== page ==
congregations to cut ties with the Boy Scouts of America, due to the
organization's ban on homosexual leaders.
"It's a very complicated issue warranting a good deal of study,"
Temple President Jerry Burman said Friday.
"We have to talk to each other and listen to each other and come to
understand all of the principles contained in all of the arguments," he
The pack's sponsorship could come up for a vote at the board of
director's meeting in February.
Burman declined to discuss his own views on the issue.
"I still have to take in a lot of information," he said.
A joint commission of two national Reform Jewish groups said in a
statement released earlier this month that working with the Boy Scouts is
"incompatible with our consistent belief that every individual --
regardless of his or her sexual orientation -- is created in the image of
God and is deserving of equal treatment."
The statement comes in response to last year's U.S. Supreme Court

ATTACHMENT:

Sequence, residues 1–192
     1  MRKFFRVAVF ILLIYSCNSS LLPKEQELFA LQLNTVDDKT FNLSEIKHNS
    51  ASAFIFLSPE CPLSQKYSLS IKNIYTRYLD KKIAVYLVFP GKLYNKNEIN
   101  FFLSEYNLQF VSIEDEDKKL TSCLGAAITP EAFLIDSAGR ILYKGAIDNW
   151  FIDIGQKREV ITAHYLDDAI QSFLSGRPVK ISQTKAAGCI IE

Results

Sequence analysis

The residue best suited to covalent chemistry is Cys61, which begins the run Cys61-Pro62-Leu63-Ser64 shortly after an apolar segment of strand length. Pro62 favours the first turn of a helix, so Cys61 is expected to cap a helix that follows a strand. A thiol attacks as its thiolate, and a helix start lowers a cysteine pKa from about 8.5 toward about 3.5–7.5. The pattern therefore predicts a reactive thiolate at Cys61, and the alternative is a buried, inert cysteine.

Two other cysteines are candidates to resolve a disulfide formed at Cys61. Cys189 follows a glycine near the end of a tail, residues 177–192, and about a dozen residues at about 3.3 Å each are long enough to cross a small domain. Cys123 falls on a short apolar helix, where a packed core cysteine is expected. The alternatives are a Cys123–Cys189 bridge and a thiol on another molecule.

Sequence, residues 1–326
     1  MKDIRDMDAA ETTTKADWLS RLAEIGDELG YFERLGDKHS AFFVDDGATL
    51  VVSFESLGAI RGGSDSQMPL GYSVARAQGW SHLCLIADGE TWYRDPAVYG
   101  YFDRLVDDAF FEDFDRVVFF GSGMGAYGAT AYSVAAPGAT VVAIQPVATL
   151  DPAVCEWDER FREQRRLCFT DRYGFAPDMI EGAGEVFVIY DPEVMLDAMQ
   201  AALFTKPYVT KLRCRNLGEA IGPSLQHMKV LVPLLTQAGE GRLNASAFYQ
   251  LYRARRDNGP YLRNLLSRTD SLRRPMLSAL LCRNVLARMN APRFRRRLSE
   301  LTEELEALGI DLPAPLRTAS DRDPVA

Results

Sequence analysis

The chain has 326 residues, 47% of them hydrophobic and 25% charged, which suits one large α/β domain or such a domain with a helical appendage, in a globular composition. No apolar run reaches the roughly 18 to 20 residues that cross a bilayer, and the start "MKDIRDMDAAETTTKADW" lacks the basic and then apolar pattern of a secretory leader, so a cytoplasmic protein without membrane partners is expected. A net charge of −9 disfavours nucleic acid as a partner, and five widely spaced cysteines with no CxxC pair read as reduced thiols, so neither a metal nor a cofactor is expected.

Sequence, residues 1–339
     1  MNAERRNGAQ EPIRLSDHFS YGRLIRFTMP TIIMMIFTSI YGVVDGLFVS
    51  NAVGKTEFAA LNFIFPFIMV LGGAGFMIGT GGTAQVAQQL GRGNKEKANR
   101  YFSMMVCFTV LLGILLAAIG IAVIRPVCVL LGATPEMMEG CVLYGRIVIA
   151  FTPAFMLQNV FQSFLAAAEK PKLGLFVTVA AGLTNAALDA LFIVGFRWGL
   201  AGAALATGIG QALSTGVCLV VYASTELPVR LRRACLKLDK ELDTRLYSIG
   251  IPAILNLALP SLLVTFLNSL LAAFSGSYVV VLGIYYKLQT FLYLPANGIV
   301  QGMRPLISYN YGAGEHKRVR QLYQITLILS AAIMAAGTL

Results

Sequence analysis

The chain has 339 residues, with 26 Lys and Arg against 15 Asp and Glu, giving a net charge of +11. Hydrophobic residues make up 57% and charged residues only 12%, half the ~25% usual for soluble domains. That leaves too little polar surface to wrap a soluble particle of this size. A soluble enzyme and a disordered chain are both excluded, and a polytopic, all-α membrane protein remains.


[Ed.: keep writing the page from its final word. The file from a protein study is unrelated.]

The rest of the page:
decision that allows the Boy Scouts to exclude openly gay men from the
Temple Sinai's Rabbi Carole Meyers has said she has long had qualms
about maintaining ties to the Boy Scouts because of the group's
"I think we were hoping that the situation would somehow resolve
itself," Burman said.
But the statement from the Union of American Hebrew Congregations and
the Central Conference of American Rabbis has forced Temple Sinai members
to grapple with the issue themselves.
Burman said it has caused "very, very little" tension within the
Michael Deaktor, leader of Cub Scout Pack No. 180, said he would like
to see Temple Sinai amend its scouting charter and begin a letter-writing
campaign urging the Boy Scouts to change its policy.
Parents with children in the Cub Scout program are concerned about the
issue, said Deaktor, who has a son in the pack.
"We hear expressions like, 'Don't throw out the baby with the bath
water,' " he said. "We feel the temple needs to make some other attempts
to do more work before they throw out the program."
The pack's activities will continue as usual, for now, Deaktor said.